Pre-Production, Tape Op – Nick Gilpin
Tom Waits' Vocals – Mark "Mooka" Rennick
Additional Vocals Performed By – Tom Waits
Producer, Conductor – Michael Riesman

Jesus' Blood never failed me yet is built on the idea of untainted religious conviction: the fragile, trusting voice of a tramp, recorded solo then converted into a tape-loop and treated to a seamless, slowly evolving harmonic accompaniment. Although strong in visual suggestion the song itself (recorded in 1970) was actually discarded from material originally intended for a film about tramps in London. Gavin Bryars acquired the tape from filmmaker Alan Powers, composed a chordal backing and married it to a separate 16mm film centring around the idea of an old man walking towards the camera. Performances followed (both with and without the film), and the first phase of the work' s evolution climaxed in a recording made for Brian Eno's Obscure label back in 1975. Michael Nyman was one of the participating performers, while the LP coupling—Bryars's The Sinking of the Titanic incorporated material conducted by John Adams. It was a significant first release for an exciting new label, but Jesus' Blood never failed me yet didn't really appeal beyond a relatively small band of initiates. It has taken CD superior media coverage and the now-widely accepted, variously 'minimalist' musical languages of Philip Glass (the current recording's executive producer), Reich, even Gorecki, to pave the way for a wider acceptance of Bryars's masterpiece.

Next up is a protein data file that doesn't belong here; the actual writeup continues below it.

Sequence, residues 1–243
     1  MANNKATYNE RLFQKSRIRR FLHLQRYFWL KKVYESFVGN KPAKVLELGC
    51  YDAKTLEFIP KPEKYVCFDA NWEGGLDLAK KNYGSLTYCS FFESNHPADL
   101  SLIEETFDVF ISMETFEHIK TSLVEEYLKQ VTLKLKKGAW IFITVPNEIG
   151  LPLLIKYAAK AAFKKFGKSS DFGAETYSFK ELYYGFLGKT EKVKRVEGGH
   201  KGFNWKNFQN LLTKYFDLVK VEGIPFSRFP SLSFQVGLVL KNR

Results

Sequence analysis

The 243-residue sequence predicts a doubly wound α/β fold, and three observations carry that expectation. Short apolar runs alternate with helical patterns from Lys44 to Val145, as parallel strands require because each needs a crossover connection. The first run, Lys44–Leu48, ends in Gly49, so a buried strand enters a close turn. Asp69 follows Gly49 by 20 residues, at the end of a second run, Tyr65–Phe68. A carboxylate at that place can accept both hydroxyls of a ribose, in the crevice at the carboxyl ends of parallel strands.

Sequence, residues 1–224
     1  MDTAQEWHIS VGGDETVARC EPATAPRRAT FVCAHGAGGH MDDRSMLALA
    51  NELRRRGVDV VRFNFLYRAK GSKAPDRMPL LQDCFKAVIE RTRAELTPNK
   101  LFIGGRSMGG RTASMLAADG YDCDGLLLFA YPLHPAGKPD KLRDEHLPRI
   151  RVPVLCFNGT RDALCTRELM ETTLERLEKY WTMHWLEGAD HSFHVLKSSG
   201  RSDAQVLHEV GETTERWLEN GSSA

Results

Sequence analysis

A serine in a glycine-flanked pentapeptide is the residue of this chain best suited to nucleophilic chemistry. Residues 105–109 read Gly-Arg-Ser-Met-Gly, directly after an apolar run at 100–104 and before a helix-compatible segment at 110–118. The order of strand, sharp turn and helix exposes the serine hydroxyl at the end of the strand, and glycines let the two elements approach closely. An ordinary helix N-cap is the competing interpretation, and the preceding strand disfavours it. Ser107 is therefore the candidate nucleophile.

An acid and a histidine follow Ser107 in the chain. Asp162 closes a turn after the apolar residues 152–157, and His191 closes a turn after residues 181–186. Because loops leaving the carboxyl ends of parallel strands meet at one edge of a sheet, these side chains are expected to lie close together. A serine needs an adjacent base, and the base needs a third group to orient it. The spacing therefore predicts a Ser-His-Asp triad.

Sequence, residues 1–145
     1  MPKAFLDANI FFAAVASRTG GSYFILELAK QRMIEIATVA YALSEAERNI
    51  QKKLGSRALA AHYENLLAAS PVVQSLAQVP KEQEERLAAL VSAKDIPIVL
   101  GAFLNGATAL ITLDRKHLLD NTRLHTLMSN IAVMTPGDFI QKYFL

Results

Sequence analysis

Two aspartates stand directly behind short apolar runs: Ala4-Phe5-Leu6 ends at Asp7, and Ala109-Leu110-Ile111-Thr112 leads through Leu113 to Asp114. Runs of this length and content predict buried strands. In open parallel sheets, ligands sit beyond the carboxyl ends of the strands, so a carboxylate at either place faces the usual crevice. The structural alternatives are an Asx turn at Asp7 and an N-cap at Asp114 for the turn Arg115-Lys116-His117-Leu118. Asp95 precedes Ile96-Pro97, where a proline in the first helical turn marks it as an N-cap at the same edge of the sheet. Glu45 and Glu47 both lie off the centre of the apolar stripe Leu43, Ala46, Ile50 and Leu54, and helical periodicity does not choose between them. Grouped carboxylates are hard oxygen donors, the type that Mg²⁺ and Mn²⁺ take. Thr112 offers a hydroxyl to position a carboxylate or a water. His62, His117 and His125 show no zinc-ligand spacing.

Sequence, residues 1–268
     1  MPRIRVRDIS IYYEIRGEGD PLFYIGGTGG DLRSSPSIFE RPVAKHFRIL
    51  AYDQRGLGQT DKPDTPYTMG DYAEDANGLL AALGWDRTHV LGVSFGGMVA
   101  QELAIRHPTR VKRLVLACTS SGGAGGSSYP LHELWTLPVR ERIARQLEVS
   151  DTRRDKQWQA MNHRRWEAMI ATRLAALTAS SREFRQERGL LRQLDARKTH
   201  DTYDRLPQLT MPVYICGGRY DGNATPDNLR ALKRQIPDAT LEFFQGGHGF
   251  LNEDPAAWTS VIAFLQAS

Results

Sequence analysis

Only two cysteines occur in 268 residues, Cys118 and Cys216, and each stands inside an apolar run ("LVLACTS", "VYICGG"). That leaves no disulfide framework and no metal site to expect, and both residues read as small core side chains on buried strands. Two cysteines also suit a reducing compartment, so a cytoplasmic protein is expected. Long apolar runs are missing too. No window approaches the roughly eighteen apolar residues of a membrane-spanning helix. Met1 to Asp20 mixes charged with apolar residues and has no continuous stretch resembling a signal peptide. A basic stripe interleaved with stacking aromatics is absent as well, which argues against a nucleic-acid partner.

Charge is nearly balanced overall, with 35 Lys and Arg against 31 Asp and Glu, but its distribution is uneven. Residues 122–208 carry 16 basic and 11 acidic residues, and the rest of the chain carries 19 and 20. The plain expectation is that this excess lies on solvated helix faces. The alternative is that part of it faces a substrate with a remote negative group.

In calling it a masterpiece, I don't believe that I'm overstating the case. The sum-effect of the work, whether in 1975 or 1993, is rather akin to having the main protagonist placed within a variety of visual contexts: a park bench, perhaps, or a shop doorway, a city thoroughfare, or a field at dusk. For me, each setting seems to reflect the one essential idea simple faith in the midst of life.